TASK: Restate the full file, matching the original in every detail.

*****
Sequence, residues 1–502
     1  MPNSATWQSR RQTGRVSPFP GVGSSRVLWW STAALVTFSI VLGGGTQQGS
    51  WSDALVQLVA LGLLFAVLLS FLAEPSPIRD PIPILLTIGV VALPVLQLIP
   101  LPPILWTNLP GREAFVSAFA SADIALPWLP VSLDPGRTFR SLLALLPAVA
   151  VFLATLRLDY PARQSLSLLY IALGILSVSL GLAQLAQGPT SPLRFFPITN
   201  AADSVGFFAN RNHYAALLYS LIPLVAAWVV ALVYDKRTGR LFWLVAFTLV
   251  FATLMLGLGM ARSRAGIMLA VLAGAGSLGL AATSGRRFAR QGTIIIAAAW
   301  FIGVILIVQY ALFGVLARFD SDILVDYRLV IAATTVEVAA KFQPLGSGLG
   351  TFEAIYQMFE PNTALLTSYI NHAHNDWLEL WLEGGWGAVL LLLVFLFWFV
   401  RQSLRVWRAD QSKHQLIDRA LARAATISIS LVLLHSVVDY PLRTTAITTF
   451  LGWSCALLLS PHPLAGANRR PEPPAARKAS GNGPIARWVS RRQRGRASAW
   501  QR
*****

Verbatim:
Sequence, residues 1–502
     1  MPNSATWQSR RQTGRVSPFP GVGSSRVLWW STAALVTFSI VLGGGTQQGS
    51  WSDALVQLVA LGLLFAVLLS FLAEPSPIRD PIPILLTIGV VALPVLQLIP
   101  LPPILWTNLP GREAFVSAFA SADIALPWLP VSLDPGRTFR SLLALLPAVA
   151  VFLATLRLDY PARQSLSLLY IALGILSVSL GLAQLAQGPT SPLRFFPITN
   201  AADSVGFFAN RNHYAALLYS LIPLVAAWVV ALVYDKRTGR LFWLVAFTLV
   251  FATLMLGLGM ARSRAGIMLA VLAGAGSLGL AATSGRRFAR QGTIIIAAAW
   301  FIGVILIVQY ALFGVLARFD SDILVDYRLV IAATTVEVAA KFQPLGSGLG
   351  TFEAIYQMFE PNTALLTSYI NHAHNDWLEL WLEGGWGAVL LLLVFLFWFV
   401  RQSLRVWRAD QSKHQLIDRA LARAATISIS LVLLHSVVDY PLRTTAITTF
   451  LGWSCALLLS PHPLAGANRR PEPPAARKAS GNGPIARWVS RRQRGRASAW
   501  QR